Need a 17th-century herb? A computer plant search service can help
THE requests are unusual - everything from Canadian bog plants to French artichokes to cotton - and they come from as far away as Wales and Israel. But when your business is playing Sherlock Holmes in the plant world, with a computer as your Watson, such requests aren't exactly unexpected. ``I wanted to do something informative,'' says Sandy Olson of North Star Seed and Plant Search, ``to shake people out of planting just old-fashioned marigolds and Big Boy tomatoes - to increase the availability of plant material from around the world.
``One day it came to me. People kept asking me where to get things. There are so many lists of plant sources, but they keep going out of date.'' With the aid of a computer, Olson figured she could search for new plants and catalogs, as well as sources for long-established varieties, storing the information in the computer's memory. And now, with some 100,000 plants and seeds and their resources in her computer file, she quite literally has the plant world at her fingertips.
Olson's business is quite new. After earning a two-year degree in horticulture from temple University School of Horticulture in Ambler, Penn., she raised fresh herbs for Pennsylvania restaurants for five years. Then she and her husband decided to move away from the bustle and congestion of that area and, two years ago, moved to Burnham, Maine.
``We found the right piece of land and a house close by in Burnham,'' says Olson. The land is a mixture of open fields and woods and provides the right setting for another of Olson's aspirations - a perennial nursery.
Soon after they moved, Olson's husband established his own business making ham radio equipment, while Olson herself searched for a way to zero in on her own professional horticultural niche, something that would provide both winter and summer employment and would ``make at least some money.''
She had been interested in the Seed Savers' Exchange, a group that tracks and promotes heirloom varieties of plants - primarily vegetables - and she wanted to do something similar but broader. North Star Seed and Plant Search was what she came up with. Unlike the Seed Savers' Exchange, the data banks for her company include both commercially and privately available plant material.
By last March she had thousands of annual and perennial flowers, native plants, domestic and foreign vegetables, bulbs, tubers, corms (tree cuttings), grasses, and ferns listed, along with multiple suppliers of both plants and seeds. By June, the memory banks had grown to include fruits, nuts, and woody ornamentals as well.
Among the materials Olson can search for are ``a 17th-century herb for a colonial garden, a pear tree to replace the 150-year-old friend, a rhododendron spotted in England and long coveted, a source for French beans for a market grower.'' And once she finds the requested plant, she will import it for her customer if necessary.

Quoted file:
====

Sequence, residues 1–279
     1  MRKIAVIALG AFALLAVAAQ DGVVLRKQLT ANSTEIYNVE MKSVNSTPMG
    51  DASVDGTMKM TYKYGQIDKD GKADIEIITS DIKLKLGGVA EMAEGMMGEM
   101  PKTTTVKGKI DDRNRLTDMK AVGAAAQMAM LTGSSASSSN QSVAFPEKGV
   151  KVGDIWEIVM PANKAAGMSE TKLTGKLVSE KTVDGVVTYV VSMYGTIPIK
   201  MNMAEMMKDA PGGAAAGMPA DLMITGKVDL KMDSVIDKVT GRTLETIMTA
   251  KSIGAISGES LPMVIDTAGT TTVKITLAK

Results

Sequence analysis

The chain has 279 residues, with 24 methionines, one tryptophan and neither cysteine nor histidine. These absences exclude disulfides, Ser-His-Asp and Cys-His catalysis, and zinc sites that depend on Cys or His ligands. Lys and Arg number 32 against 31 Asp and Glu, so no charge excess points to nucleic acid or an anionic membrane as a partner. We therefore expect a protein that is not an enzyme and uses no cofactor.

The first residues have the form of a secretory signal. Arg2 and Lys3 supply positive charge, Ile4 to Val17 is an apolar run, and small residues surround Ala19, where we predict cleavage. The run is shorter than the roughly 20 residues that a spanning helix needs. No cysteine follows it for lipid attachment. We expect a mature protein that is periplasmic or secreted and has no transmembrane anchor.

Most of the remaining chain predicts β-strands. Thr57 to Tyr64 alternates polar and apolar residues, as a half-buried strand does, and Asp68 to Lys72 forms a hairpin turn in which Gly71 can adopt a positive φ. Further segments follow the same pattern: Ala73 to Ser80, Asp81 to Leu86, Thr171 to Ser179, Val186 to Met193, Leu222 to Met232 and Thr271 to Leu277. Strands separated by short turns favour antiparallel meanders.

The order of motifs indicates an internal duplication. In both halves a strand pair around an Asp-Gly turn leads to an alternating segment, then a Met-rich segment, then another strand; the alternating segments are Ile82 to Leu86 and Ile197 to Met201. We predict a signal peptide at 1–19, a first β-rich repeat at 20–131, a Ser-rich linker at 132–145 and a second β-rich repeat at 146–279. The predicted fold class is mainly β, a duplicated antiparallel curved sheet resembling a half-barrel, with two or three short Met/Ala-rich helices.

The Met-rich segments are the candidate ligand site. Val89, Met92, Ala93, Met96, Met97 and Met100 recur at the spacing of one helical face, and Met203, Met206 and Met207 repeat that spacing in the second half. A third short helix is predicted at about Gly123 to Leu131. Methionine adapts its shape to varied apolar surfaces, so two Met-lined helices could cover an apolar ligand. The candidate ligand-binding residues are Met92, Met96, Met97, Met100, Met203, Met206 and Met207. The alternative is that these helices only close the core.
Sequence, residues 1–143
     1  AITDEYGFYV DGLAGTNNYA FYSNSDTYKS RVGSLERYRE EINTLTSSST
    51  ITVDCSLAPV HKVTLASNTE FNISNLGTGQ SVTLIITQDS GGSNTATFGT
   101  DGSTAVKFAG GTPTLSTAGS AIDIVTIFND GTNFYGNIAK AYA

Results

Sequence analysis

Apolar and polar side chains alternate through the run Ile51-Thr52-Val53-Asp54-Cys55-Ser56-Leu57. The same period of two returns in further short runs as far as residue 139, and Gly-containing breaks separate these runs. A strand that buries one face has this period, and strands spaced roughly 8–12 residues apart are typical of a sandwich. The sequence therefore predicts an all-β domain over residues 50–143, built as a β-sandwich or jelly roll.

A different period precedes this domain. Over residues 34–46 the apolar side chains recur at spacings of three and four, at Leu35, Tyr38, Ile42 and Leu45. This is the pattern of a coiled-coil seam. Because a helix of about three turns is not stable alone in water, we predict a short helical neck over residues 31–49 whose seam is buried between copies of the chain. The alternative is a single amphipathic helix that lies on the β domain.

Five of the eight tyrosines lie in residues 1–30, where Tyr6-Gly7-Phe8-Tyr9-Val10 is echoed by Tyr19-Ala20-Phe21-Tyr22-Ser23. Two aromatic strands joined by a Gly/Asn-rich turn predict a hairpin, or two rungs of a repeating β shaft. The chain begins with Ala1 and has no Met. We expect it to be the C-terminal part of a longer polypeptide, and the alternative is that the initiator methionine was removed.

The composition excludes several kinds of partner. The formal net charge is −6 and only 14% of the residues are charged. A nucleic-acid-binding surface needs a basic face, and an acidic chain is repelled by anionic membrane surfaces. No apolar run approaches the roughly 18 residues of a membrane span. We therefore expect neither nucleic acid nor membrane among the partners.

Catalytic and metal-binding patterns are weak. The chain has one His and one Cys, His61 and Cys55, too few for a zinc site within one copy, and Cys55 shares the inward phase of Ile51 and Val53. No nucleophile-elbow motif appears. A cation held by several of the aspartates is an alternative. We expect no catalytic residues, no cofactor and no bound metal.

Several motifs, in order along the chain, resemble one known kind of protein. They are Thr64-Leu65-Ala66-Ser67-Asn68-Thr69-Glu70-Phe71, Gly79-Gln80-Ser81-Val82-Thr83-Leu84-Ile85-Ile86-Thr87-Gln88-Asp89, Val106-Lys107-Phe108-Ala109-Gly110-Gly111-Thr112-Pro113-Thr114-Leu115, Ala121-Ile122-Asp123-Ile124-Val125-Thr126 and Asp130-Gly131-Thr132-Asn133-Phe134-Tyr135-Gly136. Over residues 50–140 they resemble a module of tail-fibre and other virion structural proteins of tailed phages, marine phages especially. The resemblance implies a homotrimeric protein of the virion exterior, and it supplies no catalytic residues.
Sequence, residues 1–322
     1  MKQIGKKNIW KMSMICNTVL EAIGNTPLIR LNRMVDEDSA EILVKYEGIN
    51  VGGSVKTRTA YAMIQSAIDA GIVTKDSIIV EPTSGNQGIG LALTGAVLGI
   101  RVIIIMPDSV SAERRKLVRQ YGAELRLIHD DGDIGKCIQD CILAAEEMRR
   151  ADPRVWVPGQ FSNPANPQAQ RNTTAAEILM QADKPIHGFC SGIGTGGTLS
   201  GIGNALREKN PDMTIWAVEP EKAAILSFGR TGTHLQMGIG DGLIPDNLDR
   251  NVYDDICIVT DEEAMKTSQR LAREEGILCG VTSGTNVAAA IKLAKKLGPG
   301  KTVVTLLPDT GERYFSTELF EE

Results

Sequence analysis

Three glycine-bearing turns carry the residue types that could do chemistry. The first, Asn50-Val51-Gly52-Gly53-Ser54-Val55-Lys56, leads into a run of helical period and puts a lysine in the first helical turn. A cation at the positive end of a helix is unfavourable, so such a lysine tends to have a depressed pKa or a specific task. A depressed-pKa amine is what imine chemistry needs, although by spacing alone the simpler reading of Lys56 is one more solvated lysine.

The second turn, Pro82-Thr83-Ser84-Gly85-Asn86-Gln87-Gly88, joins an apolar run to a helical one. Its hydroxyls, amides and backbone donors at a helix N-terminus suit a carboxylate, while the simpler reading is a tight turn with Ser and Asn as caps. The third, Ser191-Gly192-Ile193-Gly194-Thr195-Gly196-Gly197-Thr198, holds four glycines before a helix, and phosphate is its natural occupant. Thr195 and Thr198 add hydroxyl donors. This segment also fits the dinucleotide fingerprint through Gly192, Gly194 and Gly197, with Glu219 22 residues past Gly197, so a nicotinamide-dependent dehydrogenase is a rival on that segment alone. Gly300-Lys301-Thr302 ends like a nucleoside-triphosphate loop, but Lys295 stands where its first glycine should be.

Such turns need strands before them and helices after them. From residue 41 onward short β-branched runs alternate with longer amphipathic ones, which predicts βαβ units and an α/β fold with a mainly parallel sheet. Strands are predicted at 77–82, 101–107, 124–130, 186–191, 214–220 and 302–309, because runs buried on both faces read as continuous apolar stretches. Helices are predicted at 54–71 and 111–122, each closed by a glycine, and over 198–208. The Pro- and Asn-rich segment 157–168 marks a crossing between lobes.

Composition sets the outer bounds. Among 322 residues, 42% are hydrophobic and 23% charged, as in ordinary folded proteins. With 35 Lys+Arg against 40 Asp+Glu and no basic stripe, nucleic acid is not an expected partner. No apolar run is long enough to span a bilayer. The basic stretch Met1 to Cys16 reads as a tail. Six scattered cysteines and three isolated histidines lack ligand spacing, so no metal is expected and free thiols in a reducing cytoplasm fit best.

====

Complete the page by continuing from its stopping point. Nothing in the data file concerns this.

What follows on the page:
It was logical for Olson to combine her interest in plants with computer technology, since her husband had purchased an IBM-XT computer for his business. But it was not easy to learn to use it.
``I learned by disaster after disaster,'' she explains. ``I read manuals and called people in desperation. One friend helped me learn, and I paid another friend to help me put things in the computer. We finally started getting things in.'' The programming was complicated, she says, because the number of plants and sources she was listing required a large memory.
The charge for her services depends on whether the order is standard - something easily found in her computer - or custom, something ``not available in the computer file and requiring a detailed search through worldwide connections.''
Finding the plants is fun, says Olson, but it can also be difficult. ``The tough part is if the species is not available from seed but only as a plant, and that plant may be in England or Germany or Japan. The process of obtaining these plants is complex. I'm hoping that I can get together enough such requests to finance a buying trip.''
Olson notes that through her research, she has found that seed catalogs are quite repetitious and that ``those that do have different varieties are mostly European.... It is amazing to me how many American native shrubs are hybridized in Europe but not here ... and how few European and Far Eastern natives are available here.''
She hopes to help reverse this trend by encouraging gardeners to ``make a place for a small native plant garden, revive that perennial bed that Aunt Sadie used to care for so tenderly, and plant some shrub whose name you cannot pronounce but may be well adapted to your climate. Patronize a nursery that carries unusual plants.''
You can contact Sandy Olson at North Star Seed and Plant Search, Box 1655A, RFD 1, Burnham, ME 04922.